BOISE, Idaho (AP) — U.S. Sen. Michael Crapo will likely be required to install an ignition interlock device in his car to test his breath for alcohol as a result of his drunken driving arrest in Virginia.
But that wouldn't have been the case in the Republican senator's home state of Idaho.
The Spokesman-Review reports that 17 states require the in-car breath tests to prevent even first-time convicted drunken drivers from starting their cars while under the influence. Idaho only requires the devices for repeat offenders.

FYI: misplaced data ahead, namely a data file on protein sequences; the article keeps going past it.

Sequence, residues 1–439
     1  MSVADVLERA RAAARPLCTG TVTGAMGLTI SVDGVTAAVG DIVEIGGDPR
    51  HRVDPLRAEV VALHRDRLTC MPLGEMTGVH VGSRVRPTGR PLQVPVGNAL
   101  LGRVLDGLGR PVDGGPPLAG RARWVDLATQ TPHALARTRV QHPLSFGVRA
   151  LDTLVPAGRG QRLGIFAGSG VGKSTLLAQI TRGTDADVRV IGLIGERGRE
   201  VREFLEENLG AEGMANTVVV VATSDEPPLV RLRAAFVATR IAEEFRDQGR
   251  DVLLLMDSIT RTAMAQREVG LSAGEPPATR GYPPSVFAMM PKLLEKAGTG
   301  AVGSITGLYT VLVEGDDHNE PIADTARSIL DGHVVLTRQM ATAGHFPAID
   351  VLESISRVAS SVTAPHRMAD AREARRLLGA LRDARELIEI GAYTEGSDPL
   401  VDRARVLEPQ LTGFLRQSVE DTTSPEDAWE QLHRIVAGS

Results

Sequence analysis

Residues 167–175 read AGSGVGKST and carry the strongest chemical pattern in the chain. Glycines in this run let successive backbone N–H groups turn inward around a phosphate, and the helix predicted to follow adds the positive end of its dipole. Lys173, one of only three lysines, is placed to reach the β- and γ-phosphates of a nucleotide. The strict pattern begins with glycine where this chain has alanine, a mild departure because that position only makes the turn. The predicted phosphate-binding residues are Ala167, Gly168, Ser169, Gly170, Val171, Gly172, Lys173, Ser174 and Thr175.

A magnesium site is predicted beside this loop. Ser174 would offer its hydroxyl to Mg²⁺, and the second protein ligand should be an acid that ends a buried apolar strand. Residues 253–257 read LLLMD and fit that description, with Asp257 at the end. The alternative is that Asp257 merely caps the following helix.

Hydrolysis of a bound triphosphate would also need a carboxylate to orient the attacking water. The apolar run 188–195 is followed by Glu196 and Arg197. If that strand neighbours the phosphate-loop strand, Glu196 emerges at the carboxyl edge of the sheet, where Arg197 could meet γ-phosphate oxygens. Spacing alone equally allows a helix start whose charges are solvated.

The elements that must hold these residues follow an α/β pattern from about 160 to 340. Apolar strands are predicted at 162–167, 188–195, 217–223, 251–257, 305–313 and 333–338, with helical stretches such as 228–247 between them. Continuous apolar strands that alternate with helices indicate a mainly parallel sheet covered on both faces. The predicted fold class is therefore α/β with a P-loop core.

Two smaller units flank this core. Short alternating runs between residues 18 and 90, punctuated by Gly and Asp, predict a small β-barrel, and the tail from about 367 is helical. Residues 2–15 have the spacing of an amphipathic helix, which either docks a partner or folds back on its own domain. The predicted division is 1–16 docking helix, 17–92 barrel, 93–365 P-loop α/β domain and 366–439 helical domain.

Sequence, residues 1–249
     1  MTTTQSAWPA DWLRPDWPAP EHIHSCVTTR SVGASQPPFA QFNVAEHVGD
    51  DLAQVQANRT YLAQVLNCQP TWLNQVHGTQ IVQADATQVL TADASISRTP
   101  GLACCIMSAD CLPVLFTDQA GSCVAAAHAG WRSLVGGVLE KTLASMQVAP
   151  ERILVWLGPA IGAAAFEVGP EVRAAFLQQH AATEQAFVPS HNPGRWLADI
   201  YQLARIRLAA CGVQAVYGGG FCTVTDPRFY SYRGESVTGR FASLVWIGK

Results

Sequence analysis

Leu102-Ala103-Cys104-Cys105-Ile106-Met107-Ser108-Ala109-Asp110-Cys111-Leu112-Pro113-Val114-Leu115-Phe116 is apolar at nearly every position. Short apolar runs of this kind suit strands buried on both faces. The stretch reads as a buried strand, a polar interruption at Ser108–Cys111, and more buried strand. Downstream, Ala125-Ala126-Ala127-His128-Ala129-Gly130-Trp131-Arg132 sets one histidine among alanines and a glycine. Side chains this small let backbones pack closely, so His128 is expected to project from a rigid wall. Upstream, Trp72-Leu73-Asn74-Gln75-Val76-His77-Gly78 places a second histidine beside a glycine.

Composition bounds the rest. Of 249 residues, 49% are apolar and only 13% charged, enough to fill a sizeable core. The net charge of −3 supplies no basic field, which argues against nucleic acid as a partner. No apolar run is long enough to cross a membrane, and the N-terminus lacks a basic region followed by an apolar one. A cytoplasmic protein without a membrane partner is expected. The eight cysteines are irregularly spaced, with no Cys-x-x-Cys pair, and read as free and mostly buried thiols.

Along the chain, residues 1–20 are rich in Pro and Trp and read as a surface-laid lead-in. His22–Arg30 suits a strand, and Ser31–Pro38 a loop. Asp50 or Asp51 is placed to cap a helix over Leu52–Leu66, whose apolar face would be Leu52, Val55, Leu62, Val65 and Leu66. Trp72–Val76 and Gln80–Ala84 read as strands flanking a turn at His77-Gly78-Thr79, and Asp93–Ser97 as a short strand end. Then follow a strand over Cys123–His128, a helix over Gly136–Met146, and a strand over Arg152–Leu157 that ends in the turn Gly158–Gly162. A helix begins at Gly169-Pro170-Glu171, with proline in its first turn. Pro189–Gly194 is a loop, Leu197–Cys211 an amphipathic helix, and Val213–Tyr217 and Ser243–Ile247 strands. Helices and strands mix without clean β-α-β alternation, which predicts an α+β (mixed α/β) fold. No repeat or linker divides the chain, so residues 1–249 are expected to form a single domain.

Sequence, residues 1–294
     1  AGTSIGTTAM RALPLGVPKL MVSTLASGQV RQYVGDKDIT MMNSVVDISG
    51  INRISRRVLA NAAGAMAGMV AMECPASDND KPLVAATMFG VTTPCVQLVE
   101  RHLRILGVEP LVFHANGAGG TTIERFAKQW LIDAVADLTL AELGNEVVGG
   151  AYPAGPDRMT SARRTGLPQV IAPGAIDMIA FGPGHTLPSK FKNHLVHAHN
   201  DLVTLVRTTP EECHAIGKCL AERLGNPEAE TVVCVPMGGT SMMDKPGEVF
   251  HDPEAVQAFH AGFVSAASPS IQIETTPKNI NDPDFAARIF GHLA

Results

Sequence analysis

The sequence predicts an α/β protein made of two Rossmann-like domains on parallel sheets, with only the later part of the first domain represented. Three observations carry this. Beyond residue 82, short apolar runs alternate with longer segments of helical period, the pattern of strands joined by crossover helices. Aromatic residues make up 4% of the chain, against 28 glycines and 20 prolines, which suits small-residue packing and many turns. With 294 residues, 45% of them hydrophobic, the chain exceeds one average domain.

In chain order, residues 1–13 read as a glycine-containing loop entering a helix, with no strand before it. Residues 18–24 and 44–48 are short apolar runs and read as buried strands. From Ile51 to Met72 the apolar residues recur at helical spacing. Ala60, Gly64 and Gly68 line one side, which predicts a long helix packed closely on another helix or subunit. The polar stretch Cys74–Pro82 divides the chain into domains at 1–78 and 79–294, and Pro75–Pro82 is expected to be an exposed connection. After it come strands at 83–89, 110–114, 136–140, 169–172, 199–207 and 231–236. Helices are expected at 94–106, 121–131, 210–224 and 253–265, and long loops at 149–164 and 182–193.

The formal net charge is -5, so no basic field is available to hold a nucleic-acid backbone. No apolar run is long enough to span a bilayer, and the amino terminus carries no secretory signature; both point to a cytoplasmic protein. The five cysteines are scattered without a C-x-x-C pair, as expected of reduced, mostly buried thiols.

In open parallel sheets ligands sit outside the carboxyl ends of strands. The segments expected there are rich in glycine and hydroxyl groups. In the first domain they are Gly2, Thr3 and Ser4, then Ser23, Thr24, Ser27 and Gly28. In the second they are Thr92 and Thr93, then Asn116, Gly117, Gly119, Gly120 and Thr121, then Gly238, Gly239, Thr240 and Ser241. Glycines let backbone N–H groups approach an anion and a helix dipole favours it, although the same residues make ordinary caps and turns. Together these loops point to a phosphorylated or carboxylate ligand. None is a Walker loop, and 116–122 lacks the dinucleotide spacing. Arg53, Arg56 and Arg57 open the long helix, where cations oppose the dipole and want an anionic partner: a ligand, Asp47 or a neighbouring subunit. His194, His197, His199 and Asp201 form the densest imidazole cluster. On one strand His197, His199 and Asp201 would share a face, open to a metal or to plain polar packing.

Crapo was arrested on suspicion of drunken driving last week and police have said he registered a blood alcohol level of 0.11 percent when he was pulled over in Alexandria after running a red light.
Crapo has said he doesn't plan to contest the charges.
Information from: The Spokesman-Review